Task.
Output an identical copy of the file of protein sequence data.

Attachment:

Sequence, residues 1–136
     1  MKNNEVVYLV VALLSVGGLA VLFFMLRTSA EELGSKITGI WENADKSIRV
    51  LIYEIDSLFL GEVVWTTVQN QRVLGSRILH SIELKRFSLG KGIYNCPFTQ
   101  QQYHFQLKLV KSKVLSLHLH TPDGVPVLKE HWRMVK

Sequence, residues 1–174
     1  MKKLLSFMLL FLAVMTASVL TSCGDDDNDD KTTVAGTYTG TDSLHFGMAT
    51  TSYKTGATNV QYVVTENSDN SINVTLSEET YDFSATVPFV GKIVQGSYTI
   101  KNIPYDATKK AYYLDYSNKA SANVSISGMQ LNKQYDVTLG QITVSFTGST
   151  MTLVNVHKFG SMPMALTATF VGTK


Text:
Sequence, residues 1–136
     1  MKNNEVVYLV VALLSVGGLA VLFFMLRTSA EELGSKITGI WENADKSIRV
    51  LIYEIDSLFL GEVVWTTVQN QRVLGSRILH SIELKRFSLG KGIYNCPFTQ
   101  QQYHFQLKLV KSKVLSLHLH TPDGVPVLKE HWRMVK

Sequence, residues 1–174
     1  MKKLLSFMLL FLAVMTASVL TSCGDDDNDD KTTVAGTYTG TDSLHFGMAT
    51  TSYKTGATNV QYVVTENSDN SINVTLSEET YDFSATVPFV GKIVQGSYTI
   101  KNIPYDATKK AYYLDYSNKA SANVSISGMQ LNKQYDVTLG QITVSFTGST
   151  MTLVNVHKFG SMPMALTATF VGTK